When you look at some of the most iconic home designs from around the world — which Bloomberg CityLab has been doing — there are some trends that emerge. One of them has to do with desirability. Whether we’re talking about Stockholm or Montreal, a lot of the housing that is today cherished, started out as fairly utilitarian. There was a need for housing and so governments and developers stepped up to build, often as cost effectively as possible. The result was housing that a lot of people seemed to dislike. At least initially.
Here are a few excerpts from a recent post by CityLab talking about Montreal’s famous walk-up apartments:
Their shape was dictated by the dimensions of the lots sold by developers: Narrow at the front, they run as deep as 120 feet and open onto an alley, leaving enough space for backyards and sheds behind. Inside, the units are not particularly big, with duplex apartments, often rectangular in shape, typically from 750 square feet to 1,000 square feet. Triplex apartments are a little larger and sometimes configured in an L-shape, a trick that builders used to make the most of the lot’s depth while getting some side light. Rooms unfold on one or either side of a corridor, with the kitchen at the back.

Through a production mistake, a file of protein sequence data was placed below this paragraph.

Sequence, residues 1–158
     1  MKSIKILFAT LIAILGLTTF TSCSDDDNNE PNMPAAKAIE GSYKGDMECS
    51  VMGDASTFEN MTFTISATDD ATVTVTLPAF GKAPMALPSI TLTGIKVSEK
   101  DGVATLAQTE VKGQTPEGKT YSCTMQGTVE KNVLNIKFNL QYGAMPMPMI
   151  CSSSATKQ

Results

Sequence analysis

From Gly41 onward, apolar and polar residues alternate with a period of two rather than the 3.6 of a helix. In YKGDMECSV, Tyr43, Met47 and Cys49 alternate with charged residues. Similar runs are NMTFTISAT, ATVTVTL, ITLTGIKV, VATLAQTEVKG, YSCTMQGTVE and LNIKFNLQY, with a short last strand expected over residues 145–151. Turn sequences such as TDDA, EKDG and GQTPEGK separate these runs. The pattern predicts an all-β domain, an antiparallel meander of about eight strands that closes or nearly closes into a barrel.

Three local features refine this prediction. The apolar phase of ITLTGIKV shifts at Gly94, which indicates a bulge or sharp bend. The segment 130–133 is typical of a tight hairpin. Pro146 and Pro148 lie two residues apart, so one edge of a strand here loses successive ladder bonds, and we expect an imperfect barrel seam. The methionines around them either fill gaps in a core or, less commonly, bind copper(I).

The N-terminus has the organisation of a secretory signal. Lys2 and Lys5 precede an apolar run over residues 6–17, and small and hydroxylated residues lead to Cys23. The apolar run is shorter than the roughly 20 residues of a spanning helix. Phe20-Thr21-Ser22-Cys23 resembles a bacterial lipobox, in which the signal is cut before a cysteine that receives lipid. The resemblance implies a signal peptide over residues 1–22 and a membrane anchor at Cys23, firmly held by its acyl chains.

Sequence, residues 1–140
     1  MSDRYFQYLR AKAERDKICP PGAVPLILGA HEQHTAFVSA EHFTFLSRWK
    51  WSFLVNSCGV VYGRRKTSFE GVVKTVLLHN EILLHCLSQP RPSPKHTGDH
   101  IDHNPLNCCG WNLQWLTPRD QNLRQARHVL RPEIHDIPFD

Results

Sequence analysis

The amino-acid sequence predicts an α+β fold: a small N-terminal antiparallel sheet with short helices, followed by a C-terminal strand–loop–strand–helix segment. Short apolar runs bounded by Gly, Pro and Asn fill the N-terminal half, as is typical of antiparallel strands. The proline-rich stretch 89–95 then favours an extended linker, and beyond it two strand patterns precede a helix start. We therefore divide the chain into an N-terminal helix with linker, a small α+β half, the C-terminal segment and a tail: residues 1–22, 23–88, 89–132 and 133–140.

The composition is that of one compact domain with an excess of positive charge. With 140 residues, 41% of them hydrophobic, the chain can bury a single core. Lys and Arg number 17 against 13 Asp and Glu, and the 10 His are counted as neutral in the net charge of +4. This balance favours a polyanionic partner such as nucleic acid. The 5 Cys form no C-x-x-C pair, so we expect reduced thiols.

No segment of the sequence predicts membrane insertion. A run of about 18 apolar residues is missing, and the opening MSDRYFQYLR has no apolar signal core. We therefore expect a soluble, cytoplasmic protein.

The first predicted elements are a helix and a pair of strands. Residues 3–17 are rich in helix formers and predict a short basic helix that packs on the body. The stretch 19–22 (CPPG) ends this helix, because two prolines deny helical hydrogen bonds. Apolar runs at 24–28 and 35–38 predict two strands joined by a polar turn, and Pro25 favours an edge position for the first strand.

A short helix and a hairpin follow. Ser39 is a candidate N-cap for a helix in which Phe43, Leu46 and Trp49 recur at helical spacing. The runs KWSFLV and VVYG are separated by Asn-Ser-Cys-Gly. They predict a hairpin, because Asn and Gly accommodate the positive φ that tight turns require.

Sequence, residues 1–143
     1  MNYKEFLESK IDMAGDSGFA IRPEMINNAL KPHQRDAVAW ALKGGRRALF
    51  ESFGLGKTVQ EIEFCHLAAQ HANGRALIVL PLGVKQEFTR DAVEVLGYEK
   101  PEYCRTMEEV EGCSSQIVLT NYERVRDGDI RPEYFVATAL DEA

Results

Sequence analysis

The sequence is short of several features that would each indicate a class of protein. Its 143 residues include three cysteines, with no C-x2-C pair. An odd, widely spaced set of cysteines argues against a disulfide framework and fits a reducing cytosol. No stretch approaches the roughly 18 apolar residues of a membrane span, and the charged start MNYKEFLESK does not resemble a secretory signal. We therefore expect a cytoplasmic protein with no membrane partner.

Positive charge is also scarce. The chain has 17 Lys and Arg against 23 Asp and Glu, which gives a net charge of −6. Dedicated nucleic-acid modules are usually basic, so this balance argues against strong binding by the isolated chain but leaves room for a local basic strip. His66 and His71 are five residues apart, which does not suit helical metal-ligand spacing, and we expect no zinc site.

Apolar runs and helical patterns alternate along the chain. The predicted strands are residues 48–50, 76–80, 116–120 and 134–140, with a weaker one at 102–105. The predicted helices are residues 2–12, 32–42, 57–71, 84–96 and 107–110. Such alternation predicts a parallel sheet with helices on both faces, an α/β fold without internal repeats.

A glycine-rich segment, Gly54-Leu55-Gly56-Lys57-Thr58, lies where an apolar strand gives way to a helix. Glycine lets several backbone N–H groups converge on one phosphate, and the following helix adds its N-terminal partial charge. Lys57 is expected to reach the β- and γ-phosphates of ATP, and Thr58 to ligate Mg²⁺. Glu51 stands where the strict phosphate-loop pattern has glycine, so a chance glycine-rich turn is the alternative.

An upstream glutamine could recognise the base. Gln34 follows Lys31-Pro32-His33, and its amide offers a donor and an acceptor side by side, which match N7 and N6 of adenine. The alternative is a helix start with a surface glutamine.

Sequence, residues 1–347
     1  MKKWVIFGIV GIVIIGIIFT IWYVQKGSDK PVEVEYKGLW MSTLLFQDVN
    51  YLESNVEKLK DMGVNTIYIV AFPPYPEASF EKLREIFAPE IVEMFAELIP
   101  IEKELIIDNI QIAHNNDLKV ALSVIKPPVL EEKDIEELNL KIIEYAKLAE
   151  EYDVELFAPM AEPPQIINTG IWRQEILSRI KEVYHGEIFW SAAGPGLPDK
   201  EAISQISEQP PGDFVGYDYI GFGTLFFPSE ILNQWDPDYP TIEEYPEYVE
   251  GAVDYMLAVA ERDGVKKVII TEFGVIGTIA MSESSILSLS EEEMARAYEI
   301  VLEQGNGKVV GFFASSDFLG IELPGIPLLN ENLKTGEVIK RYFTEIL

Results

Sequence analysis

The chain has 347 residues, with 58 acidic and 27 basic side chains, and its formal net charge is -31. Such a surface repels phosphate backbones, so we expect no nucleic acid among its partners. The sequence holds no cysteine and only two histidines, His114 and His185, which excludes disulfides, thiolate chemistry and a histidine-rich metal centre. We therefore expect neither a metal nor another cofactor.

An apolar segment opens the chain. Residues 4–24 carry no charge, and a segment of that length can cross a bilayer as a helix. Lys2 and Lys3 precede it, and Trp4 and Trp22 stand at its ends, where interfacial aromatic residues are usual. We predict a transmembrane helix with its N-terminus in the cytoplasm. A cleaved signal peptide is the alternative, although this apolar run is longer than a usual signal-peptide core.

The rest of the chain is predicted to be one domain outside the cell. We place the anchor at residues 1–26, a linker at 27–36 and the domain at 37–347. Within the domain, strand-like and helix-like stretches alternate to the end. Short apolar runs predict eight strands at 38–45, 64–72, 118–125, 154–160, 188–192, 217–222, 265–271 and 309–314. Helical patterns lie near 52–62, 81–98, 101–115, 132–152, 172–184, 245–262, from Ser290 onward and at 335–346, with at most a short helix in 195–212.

Despite their reputation for charm today, the plexes were long criticized for their overcrowding and lack of light. Working-class homes were sometimes known as “the poor man’s coffin,” says Noppen.
“These are very narrow, dark, long buildings, which above all, were overcrowded,” he says. Today the apartments may be sought after, as “part of a considerable gentrification movement, but that’s because, two, three people live inside — that used to be 15.”
I think most people forget that the housing we love today was probably built by a developer and almost certainly done in the pursuit of profit. Which begs the question: What has to happen before people suddenly start appreciating? Eliminating overcrowding certainly helps. But is it also a question of time? Do we just need time for the housing to settle in and get absorbed into the market? Or do we simply tend to dislike that which is new and so we need something even newer to hate before we can appreciate the now old?